# How to Use the ArrayFormula Function in Google Sheets

Mastering *how to use the*** ArrayFormula Function in Google Sheets** will open up a new dimension of analysis in your spreadsheets. With the ArrayFormula function, you can up your game in Google Sheets in a number of ways, including by:

- Eliminating tedious manual work
- Streamlining and decluttering your spreadsheets
- Simplifying your logic and formulae

These benefits only scratch the surface, of course. The following ultimate guide covers how the Google Sheets ArrayFormula function works, what its benefits are, and examples of how to use it.

## What is the ArrayFormula function in Google Sheets?

The ArrayFormula function in Google Sheets applies a single formula to every cell in your pre-defined data range. The function turns your original formula into an array, allowing you to write only one formula and use it across multiple rows.

The general gist is straightforward: input the formula in the first cell, define the array’s size, and the function will apply the formula to each cell. The ArrayFormula function outputs the values from cell ranges into multiple columns and rows.

Unlike standard formulas, the function is expandable, so it iterates on new data instantly. You can also use ArrayFormula in conjunction with other functions, such as VLOOKUP, FILTER, IF, or SUMIF.

## Benefits of using the Google Sheets ArrayFormula function

The ArrayFormula function in Google Sheets offers many benefits, including the following:

**Batch size calculations**: The ArrayFormula function lets you use a single formula for your entire dataset, no matter its size. With ArrayFormula’s batch size calculations, you can reduce performance issues caused by too many formulas and calculations in your spreadsheet.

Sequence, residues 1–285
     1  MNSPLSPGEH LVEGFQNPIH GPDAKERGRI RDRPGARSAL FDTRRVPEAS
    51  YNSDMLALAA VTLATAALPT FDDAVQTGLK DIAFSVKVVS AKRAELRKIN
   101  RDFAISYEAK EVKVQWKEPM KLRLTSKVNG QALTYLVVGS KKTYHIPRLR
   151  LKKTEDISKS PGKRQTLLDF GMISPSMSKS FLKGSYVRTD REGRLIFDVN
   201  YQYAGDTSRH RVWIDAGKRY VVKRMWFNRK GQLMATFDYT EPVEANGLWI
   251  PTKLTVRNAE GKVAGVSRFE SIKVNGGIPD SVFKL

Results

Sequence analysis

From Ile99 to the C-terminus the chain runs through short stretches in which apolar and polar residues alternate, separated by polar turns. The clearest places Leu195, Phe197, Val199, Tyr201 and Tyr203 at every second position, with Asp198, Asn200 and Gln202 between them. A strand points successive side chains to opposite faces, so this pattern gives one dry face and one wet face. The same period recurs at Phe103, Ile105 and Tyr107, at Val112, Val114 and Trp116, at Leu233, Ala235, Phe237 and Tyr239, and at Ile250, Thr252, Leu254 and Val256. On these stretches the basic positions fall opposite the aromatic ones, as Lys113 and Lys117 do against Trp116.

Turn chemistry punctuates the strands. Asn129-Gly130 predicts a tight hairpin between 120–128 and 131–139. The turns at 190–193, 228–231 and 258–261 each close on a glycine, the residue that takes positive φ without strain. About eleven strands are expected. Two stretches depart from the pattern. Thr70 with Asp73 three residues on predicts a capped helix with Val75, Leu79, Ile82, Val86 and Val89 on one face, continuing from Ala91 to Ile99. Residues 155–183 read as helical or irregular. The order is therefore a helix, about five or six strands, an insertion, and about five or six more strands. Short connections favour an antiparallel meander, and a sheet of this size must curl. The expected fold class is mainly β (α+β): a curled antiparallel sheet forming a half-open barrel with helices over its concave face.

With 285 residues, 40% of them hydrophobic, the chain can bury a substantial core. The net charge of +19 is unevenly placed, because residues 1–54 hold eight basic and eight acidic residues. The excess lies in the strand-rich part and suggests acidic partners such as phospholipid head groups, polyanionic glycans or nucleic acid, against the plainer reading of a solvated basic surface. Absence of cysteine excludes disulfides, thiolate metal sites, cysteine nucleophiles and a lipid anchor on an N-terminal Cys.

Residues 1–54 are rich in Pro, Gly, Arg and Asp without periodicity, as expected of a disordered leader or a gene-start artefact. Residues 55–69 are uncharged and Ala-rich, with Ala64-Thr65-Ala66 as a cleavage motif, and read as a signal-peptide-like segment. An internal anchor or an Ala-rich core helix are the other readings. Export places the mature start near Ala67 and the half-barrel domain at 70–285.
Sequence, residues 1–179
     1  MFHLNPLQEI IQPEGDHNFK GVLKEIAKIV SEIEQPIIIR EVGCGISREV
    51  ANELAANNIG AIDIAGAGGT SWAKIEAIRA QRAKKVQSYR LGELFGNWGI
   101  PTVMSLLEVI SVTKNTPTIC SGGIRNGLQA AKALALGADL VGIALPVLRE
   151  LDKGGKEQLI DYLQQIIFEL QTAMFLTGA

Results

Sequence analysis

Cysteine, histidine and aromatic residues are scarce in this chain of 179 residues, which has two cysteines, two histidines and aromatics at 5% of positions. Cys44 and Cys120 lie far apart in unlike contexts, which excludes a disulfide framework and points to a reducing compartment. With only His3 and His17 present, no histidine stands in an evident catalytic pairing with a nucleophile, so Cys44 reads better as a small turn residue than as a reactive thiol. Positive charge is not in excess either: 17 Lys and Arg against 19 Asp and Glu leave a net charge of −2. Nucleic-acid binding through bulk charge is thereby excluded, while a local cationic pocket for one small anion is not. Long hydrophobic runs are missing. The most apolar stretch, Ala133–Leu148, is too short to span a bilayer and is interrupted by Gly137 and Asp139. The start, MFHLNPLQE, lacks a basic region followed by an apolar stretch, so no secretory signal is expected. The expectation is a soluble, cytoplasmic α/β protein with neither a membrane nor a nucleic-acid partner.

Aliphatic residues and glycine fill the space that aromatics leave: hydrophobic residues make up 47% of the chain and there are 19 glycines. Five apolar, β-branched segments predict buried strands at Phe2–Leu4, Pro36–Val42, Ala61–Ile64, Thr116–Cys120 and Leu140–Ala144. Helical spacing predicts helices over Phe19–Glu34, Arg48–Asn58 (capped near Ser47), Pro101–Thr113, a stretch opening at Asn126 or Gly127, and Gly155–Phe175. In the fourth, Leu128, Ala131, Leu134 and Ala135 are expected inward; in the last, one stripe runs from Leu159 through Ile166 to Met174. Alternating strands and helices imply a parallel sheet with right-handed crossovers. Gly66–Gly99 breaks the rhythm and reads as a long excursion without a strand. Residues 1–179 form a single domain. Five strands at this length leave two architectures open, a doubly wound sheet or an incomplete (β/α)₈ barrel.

**Flexibility and expandability**: A modification to any cells in the data range will automatically alter the ArrayFormula’s calculation. You can easily edit cell values, and values relying on these cells.

**Dynamic functionality**. An ArrayFormula function applies to any new row added within your cell ranges, so you won’t need to input another function manually. This saves you time and helps avoid errors.

In our experience with our own customers, we’ve found that ArrayFormula is helpful for spreadsheets that contain accurate and up-to-date data, such as weekly sales reports or sales pipeline dashboards in Google Sheets.

## ArrayFormula function syntax

The ArrayFormula function’s syntax is as follows:

**=ARRAYFORMULA(array_formula)**

The array_formula parameter can be:

- A range
- A mathematical expression that uses ranges of the same size
- A function that returns a result greater than a single cell

You can add an ArrayFormula to existing functions. Press **Cmd/Ctrl** + **Shift** + **Enter **to add an ArrayFormula around your function in Google Sheets.

## How to use the Array Formula function in Google Sheets

Learn how to use the ArrayFormula function with the examples below, and watch our video above for a full walkthrough.

### Basic ArrayFormula

Consider this dataset containing the number of subscribers and costs for four different products.

The basic method of calculating the total cost of the four products is to include a formula in column D that multiplies columns B and C.

Then insert a SUM function into cell D6.

The ArrayFormula lets you skip these steps by combining this entire process into a single arrayed formula.

For this example, use this ArrayFormula:

**=ArrayFormula(SUM(B2:B5 * C2:C5))**

You will include two ranges (or two arrays) in your formula:

**= B2:B5 * C2:C5**

However, if you just insert this array-based formula as is, you will see an error:

To resolve this, you’ll need to tell Google Sheets you want the formula to be an ArrayFormula.

**=ArrayFormula(B2:B5 * C2:C5)**

The formula now works.